Kubernetes Ingress Controller

Kubernetes support for Argo-Tunnel is in Beta.

Ideas or feedback on the Cloudflare Ingress Controller? We’re eager to hear your thoughts in the forum.

Want to contribute? The Cloudflare Ingress Controller is open source.

Playing around with the Argo Tunnel Ingress Controller is easy, and can be done on any Kubernetes cluster (Google GKE, Amazon EKS, Microsoft AKS). If you don’t have one, you can create a local Kubernetes cluster with Minikube.

For use-cases that require more than a single controller replica, you will need to purchase Cloudflare Load Balancing to use Argo Tunnel Ingress Controller. In the future, Cloudflare Load Balancing will be a configuration option, and the Ingress Controller will be usable without Load Balancing.

In this example, we’re going to expose a private version of the echoserver through Argo Tunnel. This example assumes you have a Kubernetes cluster running on one of the platforms mentioned above.

Step One: Download Cloudflared & Generate a Certificate

Download and install cloudflared here.

Then, run cloudflared login and select a domain to generate and download a certificate. Make sure the certificate is placed into ~/.cloudflared/cert.pem

Step Two: Install the Ingress Controller with Helm

Helm is a package manager for kubernetes which defines an application as a set of templates. This makes it easy to install and update applications in a kubernetes cluster.

Add the repository that holds the Helm chart:

 helm repo add cloudflare https://cloudflare.github.io/helm-charts
 helm repo update

The Helm chart that describes all the components is found here.

Install the Controller with Helm:

$ helm install --name anydomain --namespace default \
    --set rbac.create=true \
    --set controller.ingressClass=argo-tunnel \
    --set controller.logLevel=6 \

Note: the controller watches all namespaces.

Step Three: Deploy a Service into a Kubernetes Cluster

The echoserver image starts a http listener that simply mimics the request as its response.

Create a manifest called echo.yaml:

apiVersion: v1
kind: Service
    app: echo
  name: echo
  - name: http
    port: 80
    protocol: TCP
    targetPort: 8080
    app: echo
apiVersion: extensions/v1beta1
kind: Deployment
    app: echo
  name: echo
  replicas: 1
      app: echo
        app: echo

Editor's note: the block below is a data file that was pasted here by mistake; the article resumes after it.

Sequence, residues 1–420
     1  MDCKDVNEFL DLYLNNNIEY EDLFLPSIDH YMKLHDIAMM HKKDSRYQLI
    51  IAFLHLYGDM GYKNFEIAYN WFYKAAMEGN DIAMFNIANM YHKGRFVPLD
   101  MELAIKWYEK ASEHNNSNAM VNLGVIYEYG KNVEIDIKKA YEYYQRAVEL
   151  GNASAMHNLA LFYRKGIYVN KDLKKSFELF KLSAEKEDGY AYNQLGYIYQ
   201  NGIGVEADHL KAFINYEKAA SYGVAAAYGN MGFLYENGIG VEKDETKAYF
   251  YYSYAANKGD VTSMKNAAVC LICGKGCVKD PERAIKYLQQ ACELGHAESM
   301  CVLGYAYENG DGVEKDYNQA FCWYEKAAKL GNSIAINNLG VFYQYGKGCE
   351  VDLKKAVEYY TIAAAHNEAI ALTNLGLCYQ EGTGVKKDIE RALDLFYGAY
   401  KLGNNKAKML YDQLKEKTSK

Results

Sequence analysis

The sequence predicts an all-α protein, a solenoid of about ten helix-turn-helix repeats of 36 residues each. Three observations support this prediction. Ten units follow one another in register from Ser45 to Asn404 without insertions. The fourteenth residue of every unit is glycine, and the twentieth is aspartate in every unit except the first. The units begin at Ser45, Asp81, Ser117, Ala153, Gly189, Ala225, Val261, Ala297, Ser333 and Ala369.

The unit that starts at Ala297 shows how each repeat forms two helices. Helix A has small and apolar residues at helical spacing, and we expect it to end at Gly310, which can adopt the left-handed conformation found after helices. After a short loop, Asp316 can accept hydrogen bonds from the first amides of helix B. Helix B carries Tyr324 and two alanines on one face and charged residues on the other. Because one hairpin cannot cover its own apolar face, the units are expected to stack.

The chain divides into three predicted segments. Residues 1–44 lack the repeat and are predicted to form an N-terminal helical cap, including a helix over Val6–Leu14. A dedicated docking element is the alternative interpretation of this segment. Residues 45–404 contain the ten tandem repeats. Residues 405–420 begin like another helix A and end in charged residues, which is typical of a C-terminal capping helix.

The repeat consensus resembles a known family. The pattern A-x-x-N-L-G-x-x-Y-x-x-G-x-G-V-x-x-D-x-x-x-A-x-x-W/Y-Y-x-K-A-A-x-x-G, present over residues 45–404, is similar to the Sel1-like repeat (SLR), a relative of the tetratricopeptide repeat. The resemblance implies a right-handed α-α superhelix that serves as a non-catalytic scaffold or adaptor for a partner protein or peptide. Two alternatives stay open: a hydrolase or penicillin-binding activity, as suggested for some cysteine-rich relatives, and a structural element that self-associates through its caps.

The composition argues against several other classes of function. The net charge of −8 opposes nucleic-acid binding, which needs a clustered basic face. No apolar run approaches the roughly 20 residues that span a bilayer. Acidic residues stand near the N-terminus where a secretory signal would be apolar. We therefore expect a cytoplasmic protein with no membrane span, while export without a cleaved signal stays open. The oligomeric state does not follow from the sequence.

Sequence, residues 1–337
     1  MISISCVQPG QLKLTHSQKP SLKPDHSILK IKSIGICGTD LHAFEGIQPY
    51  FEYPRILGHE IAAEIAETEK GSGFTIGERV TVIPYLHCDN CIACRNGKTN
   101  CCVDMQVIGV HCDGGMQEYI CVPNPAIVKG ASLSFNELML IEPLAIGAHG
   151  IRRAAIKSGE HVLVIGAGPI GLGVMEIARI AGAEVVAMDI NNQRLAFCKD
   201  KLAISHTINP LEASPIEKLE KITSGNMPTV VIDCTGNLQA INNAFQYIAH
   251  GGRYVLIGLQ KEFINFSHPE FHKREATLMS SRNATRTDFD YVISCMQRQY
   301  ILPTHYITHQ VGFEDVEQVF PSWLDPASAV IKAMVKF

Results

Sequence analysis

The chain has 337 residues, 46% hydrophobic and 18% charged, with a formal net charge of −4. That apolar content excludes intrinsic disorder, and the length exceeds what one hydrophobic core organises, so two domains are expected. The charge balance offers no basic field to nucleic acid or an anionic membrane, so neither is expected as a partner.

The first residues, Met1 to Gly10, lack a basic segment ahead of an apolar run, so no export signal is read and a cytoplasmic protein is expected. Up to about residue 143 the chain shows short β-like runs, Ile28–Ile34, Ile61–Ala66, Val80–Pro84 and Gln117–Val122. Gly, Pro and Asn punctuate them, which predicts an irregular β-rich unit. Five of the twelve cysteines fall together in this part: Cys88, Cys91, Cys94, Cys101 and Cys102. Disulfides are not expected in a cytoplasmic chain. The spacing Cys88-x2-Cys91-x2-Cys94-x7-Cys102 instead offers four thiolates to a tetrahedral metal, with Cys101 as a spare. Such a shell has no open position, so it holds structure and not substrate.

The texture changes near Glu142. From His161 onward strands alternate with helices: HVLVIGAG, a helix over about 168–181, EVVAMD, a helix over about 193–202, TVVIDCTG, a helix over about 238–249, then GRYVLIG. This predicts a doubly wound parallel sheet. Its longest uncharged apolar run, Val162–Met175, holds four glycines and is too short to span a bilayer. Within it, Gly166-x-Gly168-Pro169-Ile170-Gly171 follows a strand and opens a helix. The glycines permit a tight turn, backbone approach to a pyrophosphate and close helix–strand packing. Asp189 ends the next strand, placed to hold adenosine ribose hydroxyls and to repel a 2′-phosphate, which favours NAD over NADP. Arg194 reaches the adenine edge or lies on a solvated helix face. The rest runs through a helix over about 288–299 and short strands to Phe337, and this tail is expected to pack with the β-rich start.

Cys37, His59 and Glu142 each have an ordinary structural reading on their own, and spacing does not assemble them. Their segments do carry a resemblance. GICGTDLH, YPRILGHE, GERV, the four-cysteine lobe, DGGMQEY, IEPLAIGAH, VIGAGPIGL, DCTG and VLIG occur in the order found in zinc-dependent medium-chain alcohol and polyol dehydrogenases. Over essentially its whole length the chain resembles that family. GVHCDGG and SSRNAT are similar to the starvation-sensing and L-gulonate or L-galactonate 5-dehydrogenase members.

- name: echo
        image: k8s.gcr.io/echoserver:latest
        imagePullPolicy: Always
        - containerPort: 8080
            cpu: 10m
            memory: 20Mi
            cpu: 10m
            memory: 20Mi
      terminationGracePeriodSeconds: 60

Deploy echoserver into your Kubernetes cluster:

kubectl apply -f echo.yaml`

Tip: -n sets the namespace for deployment.

Step Four: Create a Tunnel Secret

Convert the domain certificate into a tunnel secret:

$ kubectl create secret generic mydomain.com --from-file="$HOME/.cloudflared/cert.pem"

Tip: -n sets the namespace for deployment.

Step Five: Create an Ingress Definition

The Kubernetes Ingress is a spec for external connectivity to a Kubernetes service. Typically, an ingress will contain an annotation, kubernetes.io/ingress.class, to identify the controller that should handle the ingress.

The ingress manifest contains:

  • an annotation kubernetes.io/ingress.class: argo-tunnel, matching the controller.
  • mappings between host and service name, port, path that should be exposed.
  • mappings between host and tunnel secret

Create an ingress definition called echo-tunnel.yaml:

apiVersion: extensions/v1beta1
kind: Ingress
    kubernetes.io/ingress.class: argo-tunnel
    ingress: argo-tunnel
  name: echo
  - hosts:
    - echo.mydomain.com
    secretName: mydomain.com
  - host: echo.mydomain.com
      - backend:
          serviceName: echo
          servicePort: http


  • the Ingress must be deployed in the same namespace as the Service
  • the Ingress must be deployed in the same namespace as the Secret
  • the host must belong the domain certificate (tunnel secret)

Deploy the Ingress:

$ kubectl apply -f echo-tunnel.yaml

Tip: -n sets the namespace for deployment.

The ingress controller opens a tunnel between the Cloudflare edge and the Kubernetes virtual service IP.

Step Six: Use the Tunnel

The ingress controller opens a tunnel between the Cloudflare edge and the Kubernetes virtual service IP.

Curl the tunnel:

$ curl http://echo.mydomain.com

Questions? Feedback? We’re listening here.